I've set myself the goal of reading through a chunk of the books that have been hanging around for ages and that I'm not overly excited about (not necessarily the same thing) in the hopes of clearing some serious space before peak season brings lots of unmissable new books through the door.
Quite a few of these are proofs from work picked up with the intention of widening my reading range so I can better recommend things. Honestly, it's a lot easier in the wine trade where you just have to taste something, a process that takes a couple of minutes including the time to make a more or less intelligent note about whatever you've just tried.
It maybe doesn't help that I'm old enough to know my reading tastes fairly well, and also to have limited tolerance for what I consider bad or lazy writing. 'Gallant' didn't fall into either of the latter categories, and I've been curious to read Schwab for a while. When I actually got down to it though, this will likely be the only book of hers I ever read.
The blurb promised that it's great for fans of Neil Gaiman, The Secret Garden, and Holly Black. I more or less like all of those things, but I rate Holly Black by far the highest on the list and Schwab was more at the Neil Gaiman end of the scale for me. I enjoy his storytelling but I haven't loved it since I was a teen reading The Sandman. If you wanted a dark fantasy that explores issues about family and belonging that mixes the gothic with the Secret Garden though, you'd definitely get what you paid for.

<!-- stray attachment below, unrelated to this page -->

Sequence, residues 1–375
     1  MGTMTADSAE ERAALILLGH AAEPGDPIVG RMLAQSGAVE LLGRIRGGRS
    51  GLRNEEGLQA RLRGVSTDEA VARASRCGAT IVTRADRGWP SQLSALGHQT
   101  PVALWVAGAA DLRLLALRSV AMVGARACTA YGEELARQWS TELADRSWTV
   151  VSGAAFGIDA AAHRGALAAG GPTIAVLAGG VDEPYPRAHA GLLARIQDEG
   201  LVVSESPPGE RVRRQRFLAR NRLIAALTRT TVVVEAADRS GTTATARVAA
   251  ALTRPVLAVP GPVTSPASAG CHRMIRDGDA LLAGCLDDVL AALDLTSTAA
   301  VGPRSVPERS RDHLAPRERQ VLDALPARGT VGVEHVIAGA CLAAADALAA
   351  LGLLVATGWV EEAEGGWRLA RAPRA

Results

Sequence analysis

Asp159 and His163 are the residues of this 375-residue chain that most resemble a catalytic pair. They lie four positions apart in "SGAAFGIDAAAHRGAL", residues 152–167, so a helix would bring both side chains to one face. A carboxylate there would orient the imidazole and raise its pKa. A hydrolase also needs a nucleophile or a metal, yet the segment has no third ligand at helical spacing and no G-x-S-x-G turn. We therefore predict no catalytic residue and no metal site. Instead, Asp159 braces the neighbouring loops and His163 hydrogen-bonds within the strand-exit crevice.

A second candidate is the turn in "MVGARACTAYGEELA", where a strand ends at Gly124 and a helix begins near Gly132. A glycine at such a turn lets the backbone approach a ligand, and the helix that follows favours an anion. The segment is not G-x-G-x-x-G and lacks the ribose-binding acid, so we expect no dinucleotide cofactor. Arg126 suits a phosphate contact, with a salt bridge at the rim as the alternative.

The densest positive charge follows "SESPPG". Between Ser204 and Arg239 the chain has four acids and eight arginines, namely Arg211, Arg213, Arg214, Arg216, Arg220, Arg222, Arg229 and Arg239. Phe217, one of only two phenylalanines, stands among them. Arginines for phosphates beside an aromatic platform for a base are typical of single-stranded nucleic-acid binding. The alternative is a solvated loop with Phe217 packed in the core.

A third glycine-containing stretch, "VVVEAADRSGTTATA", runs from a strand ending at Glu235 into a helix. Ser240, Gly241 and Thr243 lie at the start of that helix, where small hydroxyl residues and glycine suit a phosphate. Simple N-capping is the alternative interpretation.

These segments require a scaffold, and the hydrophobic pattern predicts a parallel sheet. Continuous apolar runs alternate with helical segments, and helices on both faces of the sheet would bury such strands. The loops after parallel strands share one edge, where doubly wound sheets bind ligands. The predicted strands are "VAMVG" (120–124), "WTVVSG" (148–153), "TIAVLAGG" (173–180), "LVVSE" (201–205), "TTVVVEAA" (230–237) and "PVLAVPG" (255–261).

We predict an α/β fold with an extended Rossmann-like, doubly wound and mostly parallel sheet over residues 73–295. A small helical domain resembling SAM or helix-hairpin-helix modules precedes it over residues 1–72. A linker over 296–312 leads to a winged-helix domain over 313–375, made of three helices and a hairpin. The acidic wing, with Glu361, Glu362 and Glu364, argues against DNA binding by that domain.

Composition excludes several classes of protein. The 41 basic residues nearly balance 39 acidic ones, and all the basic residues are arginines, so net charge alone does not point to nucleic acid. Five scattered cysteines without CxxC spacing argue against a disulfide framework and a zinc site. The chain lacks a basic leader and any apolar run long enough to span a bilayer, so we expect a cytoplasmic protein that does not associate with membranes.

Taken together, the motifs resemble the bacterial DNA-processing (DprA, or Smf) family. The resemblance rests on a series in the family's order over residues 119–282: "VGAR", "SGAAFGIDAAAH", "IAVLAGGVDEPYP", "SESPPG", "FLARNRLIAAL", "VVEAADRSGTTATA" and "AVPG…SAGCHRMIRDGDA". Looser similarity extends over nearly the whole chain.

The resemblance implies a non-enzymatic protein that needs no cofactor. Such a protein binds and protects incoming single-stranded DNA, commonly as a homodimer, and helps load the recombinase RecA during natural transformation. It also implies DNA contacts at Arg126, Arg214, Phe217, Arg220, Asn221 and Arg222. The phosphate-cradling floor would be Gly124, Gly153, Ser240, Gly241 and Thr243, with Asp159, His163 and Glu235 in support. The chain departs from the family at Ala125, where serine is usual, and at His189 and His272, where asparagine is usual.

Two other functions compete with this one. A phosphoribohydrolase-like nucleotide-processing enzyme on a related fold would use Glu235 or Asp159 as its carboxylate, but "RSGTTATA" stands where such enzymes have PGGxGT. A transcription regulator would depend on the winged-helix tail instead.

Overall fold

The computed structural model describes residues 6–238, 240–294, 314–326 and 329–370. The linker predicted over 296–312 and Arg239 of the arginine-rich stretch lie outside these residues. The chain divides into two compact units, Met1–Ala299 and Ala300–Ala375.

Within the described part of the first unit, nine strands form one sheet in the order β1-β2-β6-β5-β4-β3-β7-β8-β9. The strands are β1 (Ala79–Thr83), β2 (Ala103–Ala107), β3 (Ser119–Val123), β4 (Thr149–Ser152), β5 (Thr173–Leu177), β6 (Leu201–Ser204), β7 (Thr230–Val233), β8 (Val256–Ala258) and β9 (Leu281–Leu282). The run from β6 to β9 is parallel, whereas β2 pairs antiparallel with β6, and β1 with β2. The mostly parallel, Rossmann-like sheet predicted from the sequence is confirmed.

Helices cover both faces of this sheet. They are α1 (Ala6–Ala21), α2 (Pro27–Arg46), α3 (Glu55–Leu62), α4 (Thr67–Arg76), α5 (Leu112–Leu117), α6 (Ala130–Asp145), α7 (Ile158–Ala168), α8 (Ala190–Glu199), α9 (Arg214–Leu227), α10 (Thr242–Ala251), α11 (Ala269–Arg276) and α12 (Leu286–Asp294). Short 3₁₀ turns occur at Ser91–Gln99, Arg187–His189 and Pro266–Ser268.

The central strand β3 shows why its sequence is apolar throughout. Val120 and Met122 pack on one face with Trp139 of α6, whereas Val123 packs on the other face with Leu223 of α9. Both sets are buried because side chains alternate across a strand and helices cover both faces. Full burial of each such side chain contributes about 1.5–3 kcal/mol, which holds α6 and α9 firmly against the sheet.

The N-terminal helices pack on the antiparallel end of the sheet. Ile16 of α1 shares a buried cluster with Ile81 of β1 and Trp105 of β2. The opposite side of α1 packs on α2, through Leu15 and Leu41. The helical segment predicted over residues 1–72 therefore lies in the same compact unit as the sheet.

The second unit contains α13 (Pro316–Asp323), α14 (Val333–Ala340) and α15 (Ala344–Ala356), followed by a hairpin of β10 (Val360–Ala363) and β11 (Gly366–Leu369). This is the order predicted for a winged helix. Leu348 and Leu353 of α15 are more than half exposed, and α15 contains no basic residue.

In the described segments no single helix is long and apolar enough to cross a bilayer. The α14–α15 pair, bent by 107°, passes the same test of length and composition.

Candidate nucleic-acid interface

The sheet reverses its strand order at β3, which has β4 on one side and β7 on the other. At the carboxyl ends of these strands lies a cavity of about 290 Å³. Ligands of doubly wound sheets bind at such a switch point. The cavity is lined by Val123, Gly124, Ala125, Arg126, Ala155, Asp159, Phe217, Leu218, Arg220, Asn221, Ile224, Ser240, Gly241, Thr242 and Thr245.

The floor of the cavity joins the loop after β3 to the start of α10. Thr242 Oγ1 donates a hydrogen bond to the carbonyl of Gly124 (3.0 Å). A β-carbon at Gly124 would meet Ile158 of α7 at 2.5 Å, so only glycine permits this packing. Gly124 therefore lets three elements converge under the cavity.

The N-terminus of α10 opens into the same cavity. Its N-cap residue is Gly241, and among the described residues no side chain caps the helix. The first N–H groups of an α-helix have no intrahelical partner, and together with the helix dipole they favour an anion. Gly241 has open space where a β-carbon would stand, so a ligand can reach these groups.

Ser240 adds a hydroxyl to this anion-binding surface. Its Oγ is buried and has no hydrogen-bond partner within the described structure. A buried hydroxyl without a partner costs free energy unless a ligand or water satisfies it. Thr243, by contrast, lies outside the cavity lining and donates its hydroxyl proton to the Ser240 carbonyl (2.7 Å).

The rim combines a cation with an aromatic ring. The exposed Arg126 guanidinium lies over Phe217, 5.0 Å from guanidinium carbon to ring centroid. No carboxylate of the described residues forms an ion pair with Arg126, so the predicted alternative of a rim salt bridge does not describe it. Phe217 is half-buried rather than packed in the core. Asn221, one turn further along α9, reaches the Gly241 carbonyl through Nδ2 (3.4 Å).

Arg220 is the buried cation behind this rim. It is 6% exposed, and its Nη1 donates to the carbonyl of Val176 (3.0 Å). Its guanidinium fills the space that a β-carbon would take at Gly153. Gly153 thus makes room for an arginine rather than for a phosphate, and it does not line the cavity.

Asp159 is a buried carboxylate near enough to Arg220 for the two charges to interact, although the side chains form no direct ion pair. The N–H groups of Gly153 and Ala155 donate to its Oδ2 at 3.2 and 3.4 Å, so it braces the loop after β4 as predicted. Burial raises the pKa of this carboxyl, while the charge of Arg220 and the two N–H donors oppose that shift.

It's an easy book to read too, once I'd decided I'd finish it, it was easy to read 100 or so in what felt like no time at all (a little over an hour maybe?) and I got through it fast. Olivia, the main character is compelling, the story was sweet, but in the end, it made very little impact on my imagination. In part, this was because as intriguing as I found Olivia, nobody she interacted with really came off the page. Not her newfound friends, or foes, and the ending fell flat for me too, there just wasn't any depth to any of it.
On the other hand, there will be people who quite rightly love this book, but I think they might be younger readers. And this is something I find mildly annoying about how a lot of fantasy fiction is currently marketed - this book is about a 16 year old girl trying to find a family and a home - to me that's teen/young adult fiction. Schwab writes books that are marketed in both categories - this one goes into the adult section which I feel does it a disservice.
Or maybe our current classification system no longer adequately describes books - possibly science fiction and fantasy need to be split, certainly, a lot of the books that involve young women in fairytale or gothic settings having fairly chaste adventures seem like they should have their own category. Oh to have a bookshop of my own where I could get really granular about how things should be shelved.